I will take my wireless mic, or a direct line feed from a sound board if possible, and plug it into my Zoom H1. This means I can get a nice clean feed from the wireless or board feed directly into the Zoom in .wav format, and it also acts as a backup in the event that something goes wrong with the camera-recorded audio. It will slow down my workflow if I have to use the H1 audio, but it gives me a layer of redundancy. Once the wireless is hooked up to the H1, I can set my levels from the wireless receiver so the audio in the H1 has good levels and sounds great. I can use the manual level adjustments if needed on the H1 to get the sound dialed in just like I want it. I use the headphone jack on the H1 to monitor the levels and verify that the wireless is giving me a good feed.

I then take a 3.5mm-to-2.5mm cable and capture the signal from the headphone jack and send it to the Mic input on my GH2. (The GH2 has a smaller 2.5mm jack instead of the standard 1/8" jack so I had to purchase an adapter cable. Most other DSLRs will have the standard 1/8" jack, so a regular 1/8" male-to-male cable should work fine for Canon and Nikon DSLR shooters.)

Once the headphone jack is plugged into the camera Mic jack, I can then use a combination of volume control on the H1 and the audio level adjustment on the camera to get the sound right in the GH2. The GH2 has a small range of audio gain settings but, between the volume control on the H1 and the Gain control on the GH2, you can get it dialed in to the right level. Unfortunately, to monitor or check your in-cam audio, you need to play it back in camera or in a computer, as there is no headphone jack on the GH2. If your DSLR has a headphone jack, then this small part of the process will be easier. It may take a few minutes of experimenting to get it dialed in, but once you get the Gain control and the volume level of the recorder set, just leave them at those settings whenever you shoot.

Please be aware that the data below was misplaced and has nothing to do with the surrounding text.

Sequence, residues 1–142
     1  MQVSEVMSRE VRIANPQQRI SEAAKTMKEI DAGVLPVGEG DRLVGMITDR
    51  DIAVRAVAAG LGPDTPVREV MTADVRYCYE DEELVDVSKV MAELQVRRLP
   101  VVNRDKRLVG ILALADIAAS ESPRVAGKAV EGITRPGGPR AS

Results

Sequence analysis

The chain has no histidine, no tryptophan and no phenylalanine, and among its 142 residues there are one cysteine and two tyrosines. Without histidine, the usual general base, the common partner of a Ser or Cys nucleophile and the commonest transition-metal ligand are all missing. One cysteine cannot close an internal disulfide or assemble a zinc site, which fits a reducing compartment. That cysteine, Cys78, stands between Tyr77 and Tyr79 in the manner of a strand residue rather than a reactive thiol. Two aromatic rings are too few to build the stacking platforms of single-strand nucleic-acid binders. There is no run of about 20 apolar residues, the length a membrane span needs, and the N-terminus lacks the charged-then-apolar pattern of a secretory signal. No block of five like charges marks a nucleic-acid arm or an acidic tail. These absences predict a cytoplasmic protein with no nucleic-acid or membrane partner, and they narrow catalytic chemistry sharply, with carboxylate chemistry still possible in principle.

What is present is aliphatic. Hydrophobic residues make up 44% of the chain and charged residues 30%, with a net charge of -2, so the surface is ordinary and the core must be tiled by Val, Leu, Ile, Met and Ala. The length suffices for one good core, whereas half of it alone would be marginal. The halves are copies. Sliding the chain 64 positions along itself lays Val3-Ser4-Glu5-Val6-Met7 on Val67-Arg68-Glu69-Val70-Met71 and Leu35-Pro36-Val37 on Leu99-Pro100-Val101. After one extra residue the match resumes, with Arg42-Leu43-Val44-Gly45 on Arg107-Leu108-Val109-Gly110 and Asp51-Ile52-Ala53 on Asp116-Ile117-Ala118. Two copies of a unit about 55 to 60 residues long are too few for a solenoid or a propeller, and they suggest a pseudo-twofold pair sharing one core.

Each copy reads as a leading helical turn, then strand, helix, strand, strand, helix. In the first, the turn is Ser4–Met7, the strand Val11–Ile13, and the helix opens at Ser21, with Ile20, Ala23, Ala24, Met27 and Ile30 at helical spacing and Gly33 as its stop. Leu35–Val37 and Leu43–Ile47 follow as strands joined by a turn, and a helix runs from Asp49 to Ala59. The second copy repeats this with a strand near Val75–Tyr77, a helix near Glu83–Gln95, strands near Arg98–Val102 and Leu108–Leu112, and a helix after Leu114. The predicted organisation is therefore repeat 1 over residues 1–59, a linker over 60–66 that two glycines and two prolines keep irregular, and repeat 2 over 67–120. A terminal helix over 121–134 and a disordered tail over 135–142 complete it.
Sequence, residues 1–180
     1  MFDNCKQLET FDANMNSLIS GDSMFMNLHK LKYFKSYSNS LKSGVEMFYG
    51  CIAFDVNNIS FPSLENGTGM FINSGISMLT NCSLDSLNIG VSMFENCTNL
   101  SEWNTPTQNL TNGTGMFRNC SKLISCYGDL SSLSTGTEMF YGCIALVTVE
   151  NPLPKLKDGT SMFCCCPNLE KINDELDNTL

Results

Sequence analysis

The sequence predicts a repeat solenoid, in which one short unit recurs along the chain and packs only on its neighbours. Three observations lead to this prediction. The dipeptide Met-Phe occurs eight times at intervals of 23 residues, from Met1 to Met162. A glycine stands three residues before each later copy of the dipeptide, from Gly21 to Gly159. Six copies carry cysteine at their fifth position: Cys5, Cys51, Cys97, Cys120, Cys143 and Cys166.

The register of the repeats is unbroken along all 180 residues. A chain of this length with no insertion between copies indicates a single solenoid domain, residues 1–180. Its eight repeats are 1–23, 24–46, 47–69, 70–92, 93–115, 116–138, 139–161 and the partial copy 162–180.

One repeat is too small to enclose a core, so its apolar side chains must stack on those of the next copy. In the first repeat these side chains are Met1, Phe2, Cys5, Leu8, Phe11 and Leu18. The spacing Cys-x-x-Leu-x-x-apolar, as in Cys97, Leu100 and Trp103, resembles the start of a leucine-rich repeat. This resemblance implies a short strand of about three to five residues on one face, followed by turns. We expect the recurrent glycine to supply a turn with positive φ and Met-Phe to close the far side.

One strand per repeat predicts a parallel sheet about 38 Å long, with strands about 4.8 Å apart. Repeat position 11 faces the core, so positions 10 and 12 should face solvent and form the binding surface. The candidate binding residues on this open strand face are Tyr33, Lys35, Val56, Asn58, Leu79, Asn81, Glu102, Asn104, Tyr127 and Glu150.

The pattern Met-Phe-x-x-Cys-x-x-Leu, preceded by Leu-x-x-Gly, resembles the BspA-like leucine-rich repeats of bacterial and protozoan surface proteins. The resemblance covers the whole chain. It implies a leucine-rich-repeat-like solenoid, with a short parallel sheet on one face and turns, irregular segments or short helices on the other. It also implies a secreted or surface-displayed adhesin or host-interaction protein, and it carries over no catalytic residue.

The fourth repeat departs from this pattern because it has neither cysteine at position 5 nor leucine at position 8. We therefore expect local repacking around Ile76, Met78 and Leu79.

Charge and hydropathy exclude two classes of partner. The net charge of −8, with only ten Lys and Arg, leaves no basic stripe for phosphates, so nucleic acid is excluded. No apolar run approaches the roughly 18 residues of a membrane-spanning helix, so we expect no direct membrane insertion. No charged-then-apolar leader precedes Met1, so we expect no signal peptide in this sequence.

Once I have these settings properly adjusted, I just plug it all in, do a quick check with the headphones on the H1, and then plug into the camera and go shoot. Don't forget to press the Record button on the H1 (or whatever standalone audio recorder you're using), or all you will get is pass-through to the camera and no redundant recording. (Don't ask why I know this).

You can experiment with how to hook all this up to the camera. A few rubber bands and/or velcro help it all hold together for me. You could invest in a cage system or rig for mounting accessories, but if I'm using a wireless, it's always in a static tripod setup, so I will either mount the wireless receiver on the tripod and run the cable to the H1, or mount the wireless on the shoe mount and the H1 on top of that.

I have also tried to keep my setup as lean and cost-efficient as possible so I restrict the accessories I purchase to only those I really need. Figure 2 (below) shows my GH2 with the mic and H1 all hooked up.

Panasonic GH2 Audio Setup
My GH2 with the Zoom H1 mounted to the hot shoe.

Note: Test your recorders ahead of time if you are going to take a feed from the headphone jack to the Mic jack of you camera. I have found that my Edirol R09, while it's a great recorder for other applications, does not send a usable signal to my camera. No matter how I adjust the volume on the R09, the signal to the camera comes in too hot. I discovered this via some testing. The Zoom units and the Yamaha work perfectly.